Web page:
Hagoda Gamage Shalika Perera, the Sri Lankan businesswoman who got a deposit of $20 million in her account last month, claimed that the funds were anticipated but had no idea they were stolen from Bangladesh's Central Bank in one of the largest cyber heists in history.
Anonymous hackers breached Bangladesh Bank's systems between February 4, 5 and attempted to steal nearly $1 billion from its account at the Federal Reserve Bank of New York.
Even though many of the payments were blocked, $20 million made its way to Perera's Shalika Foundation before the transfer was reversed. Bangladesh Central Bank officials stated that they acted after a routing bank, Deutsche Bank, sought clarification on the transfer because hackers misspelled the company's name as "Fundation."
Another $81 million was routed to accounts in the Philippines and diverted to casinos there, where the trail runs out, sources said.
The Philippines Senate is holding hearings in the case, but thus far, few details had emerged on the Sri Lanka link.
In her first public comments on the case, Perera had told Reuters that she expected $20 million to come from the Japan International Cooperation Agency (JICA) to help fund a power plant and other projects in Sri Lanka. She urged that she had no direct dealing with JICA, but the deal was arranged by an acquaintance who she met in Sri Lanka but had connections in Japan.
Shalika was set up in October 2014 and states in its registration documents that it constructs low-cost houses and provides other social services.
Meanwhile, JICA mentioned that it had no ties with Shalika Foundation, including through any intermediaries.
"We have had no exchange with them, and that includes such areas as loans and grants," JICA spokesman Naoyuki Nemoto said.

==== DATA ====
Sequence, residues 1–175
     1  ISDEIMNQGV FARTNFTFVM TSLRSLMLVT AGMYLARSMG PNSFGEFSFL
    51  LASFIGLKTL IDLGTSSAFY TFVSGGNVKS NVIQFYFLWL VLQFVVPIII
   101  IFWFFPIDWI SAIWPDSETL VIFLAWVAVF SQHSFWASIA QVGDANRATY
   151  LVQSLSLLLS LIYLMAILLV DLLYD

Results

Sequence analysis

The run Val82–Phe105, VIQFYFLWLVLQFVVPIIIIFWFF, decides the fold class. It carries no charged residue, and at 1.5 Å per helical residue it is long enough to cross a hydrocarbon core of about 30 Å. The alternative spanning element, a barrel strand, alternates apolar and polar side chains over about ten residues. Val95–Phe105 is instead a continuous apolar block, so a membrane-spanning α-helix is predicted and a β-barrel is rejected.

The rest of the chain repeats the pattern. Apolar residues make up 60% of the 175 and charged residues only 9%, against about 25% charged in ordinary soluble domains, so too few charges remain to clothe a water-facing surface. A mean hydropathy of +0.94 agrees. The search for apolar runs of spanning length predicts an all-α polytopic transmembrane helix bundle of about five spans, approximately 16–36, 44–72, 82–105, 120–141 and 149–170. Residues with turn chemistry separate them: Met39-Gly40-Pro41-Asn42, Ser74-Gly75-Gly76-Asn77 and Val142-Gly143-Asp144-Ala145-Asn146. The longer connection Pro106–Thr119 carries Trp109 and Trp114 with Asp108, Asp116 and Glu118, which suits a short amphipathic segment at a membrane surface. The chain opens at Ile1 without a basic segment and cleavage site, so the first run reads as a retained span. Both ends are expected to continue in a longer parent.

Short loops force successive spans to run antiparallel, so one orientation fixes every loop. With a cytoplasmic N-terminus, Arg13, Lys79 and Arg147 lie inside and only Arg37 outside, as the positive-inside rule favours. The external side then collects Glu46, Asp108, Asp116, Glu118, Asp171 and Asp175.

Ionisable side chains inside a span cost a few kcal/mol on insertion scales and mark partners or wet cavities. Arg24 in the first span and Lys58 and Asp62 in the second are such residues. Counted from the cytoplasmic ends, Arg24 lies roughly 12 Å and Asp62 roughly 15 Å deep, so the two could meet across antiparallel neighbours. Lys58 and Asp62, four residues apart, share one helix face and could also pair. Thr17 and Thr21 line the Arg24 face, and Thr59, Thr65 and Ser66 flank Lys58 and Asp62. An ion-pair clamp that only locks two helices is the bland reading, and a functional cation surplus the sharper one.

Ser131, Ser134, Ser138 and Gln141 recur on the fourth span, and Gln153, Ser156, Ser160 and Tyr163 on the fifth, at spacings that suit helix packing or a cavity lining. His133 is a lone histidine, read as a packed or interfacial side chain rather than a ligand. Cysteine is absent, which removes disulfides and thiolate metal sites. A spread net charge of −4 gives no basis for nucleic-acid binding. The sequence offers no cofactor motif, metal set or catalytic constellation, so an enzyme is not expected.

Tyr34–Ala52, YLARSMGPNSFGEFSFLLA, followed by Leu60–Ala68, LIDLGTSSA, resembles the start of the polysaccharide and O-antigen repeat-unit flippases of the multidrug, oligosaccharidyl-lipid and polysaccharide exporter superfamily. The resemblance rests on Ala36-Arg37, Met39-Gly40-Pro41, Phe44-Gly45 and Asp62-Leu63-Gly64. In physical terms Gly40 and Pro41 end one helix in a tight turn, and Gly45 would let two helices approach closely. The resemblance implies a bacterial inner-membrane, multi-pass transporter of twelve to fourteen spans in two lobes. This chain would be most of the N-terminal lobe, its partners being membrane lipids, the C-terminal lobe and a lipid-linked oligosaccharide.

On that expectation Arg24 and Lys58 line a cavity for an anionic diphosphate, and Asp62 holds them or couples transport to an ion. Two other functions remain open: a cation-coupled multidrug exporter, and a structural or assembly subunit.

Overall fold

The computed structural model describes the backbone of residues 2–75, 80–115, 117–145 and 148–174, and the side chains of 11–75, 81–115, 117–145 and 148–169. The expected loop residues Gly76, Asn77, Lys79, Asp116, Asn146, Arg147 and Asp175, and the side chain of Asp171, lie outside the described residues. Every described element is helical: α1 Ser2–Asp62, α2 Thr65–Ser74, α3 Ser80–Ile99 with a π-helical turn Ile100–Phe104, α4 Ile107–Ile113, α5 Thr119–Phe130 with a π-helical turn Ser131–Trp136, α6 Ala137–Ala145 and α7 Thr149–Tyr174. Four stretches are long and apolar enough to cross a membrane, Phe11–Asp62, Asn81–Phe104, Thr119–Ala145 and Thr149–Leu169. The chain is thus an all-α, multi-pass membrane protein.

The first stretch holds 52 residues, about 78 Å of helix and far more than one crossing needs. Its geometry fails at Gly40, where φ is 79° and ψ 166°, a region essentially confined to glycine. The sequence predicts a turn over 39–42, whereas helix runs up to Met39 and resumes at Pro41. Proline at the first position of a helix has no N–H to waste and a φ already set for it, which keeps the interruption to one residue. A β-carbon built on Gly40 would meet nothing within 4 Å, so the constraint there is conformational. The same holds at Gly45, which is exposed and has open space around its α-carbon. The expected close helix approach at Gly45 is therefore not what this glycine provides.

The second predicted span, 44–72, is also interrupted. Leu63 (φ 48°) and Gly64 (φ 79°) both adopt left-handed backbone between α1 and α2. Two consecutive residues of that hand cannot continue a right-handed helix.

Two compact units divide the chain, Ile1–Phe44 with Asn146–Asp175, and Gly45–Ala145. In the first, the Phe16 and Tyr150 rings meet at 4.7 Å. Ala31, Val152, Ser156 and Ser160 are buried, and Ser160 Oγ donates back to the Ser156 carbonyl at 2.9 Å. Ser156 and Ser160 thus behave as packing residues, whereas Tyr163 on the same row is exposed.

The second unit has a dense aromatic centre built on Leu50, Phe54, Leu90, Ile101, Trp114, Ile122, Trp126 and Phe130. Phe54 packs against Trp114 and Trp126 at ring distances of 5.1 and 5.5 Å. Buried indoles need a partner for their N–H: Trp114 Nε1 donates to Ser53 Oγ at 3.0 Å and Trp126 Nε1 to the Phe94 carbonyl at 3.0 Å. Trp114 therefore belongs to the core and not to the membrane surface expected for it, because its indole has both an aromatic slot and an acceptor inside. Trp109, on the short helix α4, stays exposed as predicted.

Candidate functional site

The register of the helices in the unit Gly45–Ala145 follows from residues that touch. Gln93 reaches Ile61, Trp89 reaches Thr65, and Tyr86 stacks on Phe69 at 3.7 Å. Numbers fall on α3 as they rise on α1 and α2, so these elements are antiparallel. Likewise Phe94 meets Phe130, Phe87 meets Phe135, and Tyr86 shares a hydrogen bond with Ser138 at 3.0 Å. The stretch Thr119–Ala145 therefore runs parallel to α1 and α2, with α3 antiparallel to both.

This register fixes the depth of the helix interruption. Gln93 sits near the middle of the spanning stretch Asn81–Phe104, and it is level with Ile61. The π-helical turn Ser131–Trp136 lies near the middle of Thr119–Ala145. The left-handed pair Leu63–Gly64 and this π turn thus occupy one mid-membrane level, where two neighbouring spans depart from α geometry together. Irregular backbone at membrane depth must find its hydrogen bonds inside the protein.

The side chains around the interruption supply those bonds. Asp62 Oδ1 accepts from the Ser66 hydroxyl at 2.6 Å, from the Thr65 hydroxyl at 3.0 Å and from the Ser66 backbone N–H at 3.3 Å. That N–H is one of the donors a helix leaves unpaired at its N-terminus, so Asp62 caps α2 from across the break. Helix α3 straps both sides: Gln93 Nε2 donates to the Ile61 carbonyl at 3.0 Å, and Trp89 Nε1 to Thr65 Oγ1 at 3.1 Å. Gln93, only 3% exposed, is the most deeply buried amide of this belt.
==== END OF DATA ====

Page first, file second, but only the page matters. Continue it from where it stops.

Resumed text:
The Sri Lankan Police Criminal Investigation Division declined to comment because the probe was ongoing, sources said.
Ms. Perera said she now thinks the acquaintance was either a victim of the hackers or in league with them, and she was hoodwinked into becoming a part of their scheme.
She produced Reuters a copy of an inward remittance advisory from the SWIFT Bank messaging system to put the $20 million in her company's account. The remitting entity was shown as a Bangladesh government electricity agency that had obtained a loan from JICA in 2010 to fund an electricity project.
The head of the Bangladesh government agency, the Bangladesh Rural Electrification Board, said it was "ridiculous" to assume that the money could have come from them.
The report provided the names of Perera's acquaintance whom Reuters has been unable to locate and the Japanese middleman. Reached by phone, the middleman said he was travelling and unable to comment immediately.
Perera maintains she is innocent and describes the government's move as "an injustice."
In early February, Perera said her acquaintance, who had been helping her for more than a year to meet investors, told her to expect $20 million from JICA. Under their agreement, the payment would be split between her power plant project and a housing project controlled by her acquaintance, she said.
Perera said she had not seen the report which was submitted to the Magistrate's Court last week. According to the report, bank officials stated that Perera left instructions with them to transfer $7.72 million to her own personal account and $11.12 million to an account controlled by her acquaintance once the transaction had cleared.
Perera confirmed that she had instructed the bank, and said they reflected the money earmarked for the two projects and commissions. The rest was to be used for taxes, she added.
The money was remitted by the Pan Asia Bank to the Shalika Foundation's account on Feb 4, but the bank refused to release the funds as the amount was unusually large and sought further verification, according to last week's police report.